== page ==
The goal of the clerkship is to teach psychiatry to the non-psychiatrist.
By the end of the clerkship, students will be able to:
- Perform and document a complete psychiatric diagnostic evaluation including a complete history, mental-status examination and appropriate physical exam.
- Demonstrate the ability to evaluate each patient for potential relationships between medical and psychiatric symptoms and illnesses; potential history of abuse or neglect; and psychiatric emergencies, including dangerousness to self or others.
- Conduct a psychiatric interview in an empathic manner that facilitates information-gathering and formation of a therapeutic alliance with patients of diverse backgrounds.
- Identify psychopathology; formulate accurate differential and working diagnoses using DSM; assess patients’ strengths and prognosis; and develop appropriate biopsychosocial evaluation (laboratory, radiologic and psychological testing) and treatment plans for psychiatric patients.
- Demonstrate knowledge of the epidemiology; clinical features; course and prognosis; diagnostic criteria; differential diagnosis; and treatment strategies for the major classes of psychiatric disorders.
- Know the clinical features of, treatment for, intoxication with and withdrawal from alcohol and drugs.
- Summarize the indications and contra-indications; basic mechanisms of action; pharmacokinetics and pharmacodynamics; efficacy and cost; common and serious side effects; toxicity; drug interactions; and issues relevant to special populations of each class of psychotropic medications and demonstrate the ability to select and use these agents to treat mental disorders.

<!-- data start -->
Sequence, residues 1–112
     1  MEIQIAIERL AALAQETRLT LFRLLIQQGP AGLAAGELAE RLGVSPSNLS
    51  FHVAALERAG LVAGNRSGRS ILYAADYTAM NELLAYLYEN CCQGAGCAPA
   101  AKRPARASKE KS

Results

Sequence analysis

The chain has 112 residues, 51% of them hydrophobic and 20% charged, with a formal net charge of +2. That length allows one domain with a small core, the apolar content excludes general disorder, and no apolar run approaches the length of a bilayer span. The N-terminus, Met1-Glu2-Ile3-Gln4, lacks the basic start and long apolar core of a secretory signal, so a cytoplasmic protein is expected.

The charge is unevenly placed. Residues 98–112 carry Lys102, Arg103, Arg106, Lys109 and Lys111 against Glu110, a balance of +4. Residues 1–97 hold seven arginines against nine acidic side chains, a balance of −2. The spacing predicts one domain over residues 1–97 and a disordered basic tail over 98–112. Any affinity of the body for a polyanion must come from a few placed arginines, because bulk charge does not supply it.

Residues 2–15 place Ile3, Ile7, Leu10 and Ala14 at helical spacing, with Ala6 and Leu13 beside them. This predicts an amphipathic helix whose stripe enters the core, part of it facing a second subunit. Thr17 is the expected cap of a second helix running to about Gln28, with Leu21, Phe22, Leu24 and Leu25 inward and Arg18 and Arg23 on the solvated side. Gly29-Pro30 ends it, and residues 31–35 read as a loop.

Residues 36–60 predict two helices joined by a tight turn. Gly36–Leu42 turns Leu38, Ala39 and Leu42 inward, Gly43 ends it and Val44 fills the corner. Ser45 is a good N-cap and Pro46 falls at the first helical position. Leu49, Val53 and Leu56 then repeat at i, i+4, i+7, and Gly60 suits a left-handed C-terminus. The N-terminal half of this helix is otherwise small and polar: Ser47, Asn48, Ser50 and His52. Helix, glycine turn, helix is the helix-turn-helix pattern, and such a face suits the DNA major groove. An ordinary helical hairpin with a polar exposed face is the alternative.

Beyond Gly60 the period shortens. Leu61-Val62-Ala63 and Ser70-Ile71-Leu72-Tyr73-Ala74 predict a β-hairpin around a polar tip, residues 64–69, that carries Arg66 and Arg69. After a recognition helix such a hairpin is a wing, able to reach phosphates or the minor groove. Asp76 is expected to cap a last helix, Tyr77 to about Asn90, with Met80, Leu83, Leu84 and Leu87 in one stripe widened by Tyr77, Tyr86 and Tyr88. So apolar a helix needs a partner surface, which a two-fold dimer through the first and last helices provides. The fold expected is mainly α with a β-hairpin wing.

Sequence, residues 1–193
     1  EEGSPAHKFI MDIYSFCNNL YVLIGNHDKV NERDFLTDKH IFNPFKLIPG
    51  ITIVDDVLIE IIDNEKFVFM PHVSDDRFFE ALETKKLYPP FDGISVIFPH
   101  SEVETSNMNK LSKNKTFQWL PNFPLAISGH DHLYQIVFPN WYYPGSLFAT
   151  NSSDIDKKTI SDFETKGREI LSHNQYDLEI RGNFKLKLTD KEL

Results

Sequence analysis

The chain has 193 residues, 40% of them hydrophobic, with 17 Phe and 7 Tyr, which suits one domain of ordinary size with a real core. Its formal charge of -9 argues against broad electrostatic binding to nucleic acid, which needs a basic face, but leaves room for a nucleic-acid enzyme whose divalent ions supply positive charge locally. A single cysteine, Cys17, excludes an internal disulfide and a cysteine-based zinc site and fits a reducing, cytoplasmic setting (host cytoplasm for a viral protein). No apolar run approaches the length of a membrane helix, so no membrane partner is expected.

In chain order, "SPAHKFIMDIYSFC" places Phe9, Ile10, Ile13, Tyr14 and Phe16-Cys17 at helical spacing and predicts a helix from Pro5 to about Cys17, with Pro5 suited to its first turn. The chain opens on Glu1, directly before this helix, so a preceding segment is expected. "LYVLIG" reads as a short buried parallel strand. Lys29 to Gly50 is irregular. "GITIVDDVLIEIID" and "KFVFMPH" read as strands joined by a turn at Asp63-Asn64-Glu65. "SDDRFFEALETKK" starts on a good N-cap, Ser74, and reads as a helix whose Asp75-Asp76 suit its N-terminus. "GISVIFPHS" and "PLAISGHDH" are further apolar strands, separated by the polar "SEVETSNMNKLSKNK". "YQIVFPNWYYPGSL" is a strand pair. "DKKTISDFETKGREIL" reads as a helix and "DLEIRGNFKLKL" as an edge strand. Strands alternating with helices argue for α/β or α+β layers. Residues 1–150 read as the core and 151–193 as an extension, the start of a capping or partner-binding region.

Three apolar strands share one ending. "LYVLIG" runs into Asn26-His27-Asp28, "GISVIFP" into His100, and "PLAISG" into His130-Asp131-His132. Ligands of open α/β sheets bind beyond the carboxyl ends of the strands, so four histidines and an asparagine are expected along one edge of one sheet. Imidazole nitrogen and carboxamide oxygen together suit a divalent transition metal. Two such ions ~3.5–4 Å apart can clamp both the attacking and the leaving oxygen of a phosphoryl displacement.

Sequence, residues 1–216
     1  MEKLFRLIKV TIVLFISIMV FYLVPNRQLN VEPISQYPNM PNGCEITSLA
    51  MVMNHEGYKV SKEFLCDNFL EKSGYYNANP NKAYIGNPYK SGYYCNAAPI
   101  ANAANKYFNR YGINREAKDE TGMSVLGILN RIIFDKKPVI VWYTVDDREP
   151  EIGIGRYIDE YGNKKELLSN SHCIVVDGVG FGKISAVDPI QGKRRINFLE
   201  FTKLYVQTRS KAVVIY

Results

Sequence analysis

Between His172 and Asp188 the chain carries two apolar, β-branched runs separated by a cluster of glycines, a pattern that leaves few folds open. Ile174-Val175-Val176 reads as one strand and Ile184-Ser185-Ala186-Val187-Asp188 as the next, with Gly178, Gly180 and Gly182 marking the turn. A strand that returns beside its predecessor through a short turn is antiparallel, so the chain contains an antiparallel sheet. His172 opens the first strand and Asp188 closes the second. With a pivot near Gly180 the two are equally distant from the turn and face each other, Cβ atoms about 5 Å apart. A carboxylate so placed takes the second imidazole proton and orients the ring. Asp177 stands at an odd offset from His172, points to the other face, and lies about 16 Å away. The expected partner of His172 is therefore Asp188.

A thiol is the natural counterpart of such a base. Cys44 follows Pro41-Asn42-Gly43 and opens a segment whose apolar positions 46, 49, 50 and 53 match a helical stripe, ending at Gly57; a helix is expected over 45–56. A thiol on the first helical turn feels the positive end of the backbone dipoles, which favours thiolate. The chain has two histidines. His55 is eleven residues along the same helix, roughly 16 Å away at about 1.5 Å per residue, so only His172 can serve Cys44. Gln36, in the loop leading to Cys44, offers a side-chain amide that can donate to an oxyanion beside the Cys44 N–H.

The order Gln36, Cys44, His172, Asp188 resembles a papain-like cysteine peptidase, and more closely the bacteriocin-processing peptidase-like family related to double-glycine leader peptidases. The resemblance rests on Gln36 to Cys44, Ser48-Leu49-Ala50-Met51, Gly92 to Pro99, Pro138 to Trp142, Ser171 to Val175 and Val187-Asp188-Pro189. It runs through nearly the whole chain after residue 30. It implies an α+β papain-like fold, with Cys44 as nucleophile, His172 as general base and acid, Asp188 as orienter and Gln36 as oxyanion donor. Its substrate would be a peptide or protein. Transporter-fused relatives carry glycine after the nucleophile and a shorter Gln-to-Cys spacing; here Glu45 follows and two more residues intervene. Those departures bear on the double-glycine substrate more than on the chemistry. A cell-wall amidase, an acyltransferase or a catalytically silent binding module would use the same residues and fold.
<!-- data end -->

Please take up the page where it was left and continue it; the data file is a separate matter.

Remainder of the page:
- Discuss the appropriate use and indications, benefits and side effects of Electroconvulsive therapy (ECT); light therapy; and emerging new treatments such as vagal nerve stimulation and repetitive transcranial magnetic stimulation.
- Understand the principles, techniques and indications for effective psychotherapies and behavioral medicine interventions sufficient to explain to a patient and make a referral when indicated.
- Demonstrate the ability to monitor and document patients’ clinical progress and alter diagnostic formulation and management in response to changes.
- Discuss the indications for psychiatric hospitalization, including the presenting problem and its acuity, risk of danger to patient or others, community resources and family support.
- Discuss the structure of the mental health system, understand relevant legal issues and adhere to ethical principles in the care of psychiatric patients, including:
- Respect for patient autonomy and confidentiality
- The implications and principles of civil commitment
- The process of obtaining a voluntary or involuntary commitment
- Identify the indications, precautions and appropriate use of restraints and one-to-one sitters.
- Demonstrate the ability to appraise and assimilate scientific evidence, using relevant databases of psychiatric evidence-based medicine to improve patient care.
- Demonstrate interpersonal and communication skills that result in the effective exchange of information and collaboration with patients, their families and other health professionals.
Most Important: Try to become more comfortable interacting with a wide variety of patients with mental illnesses.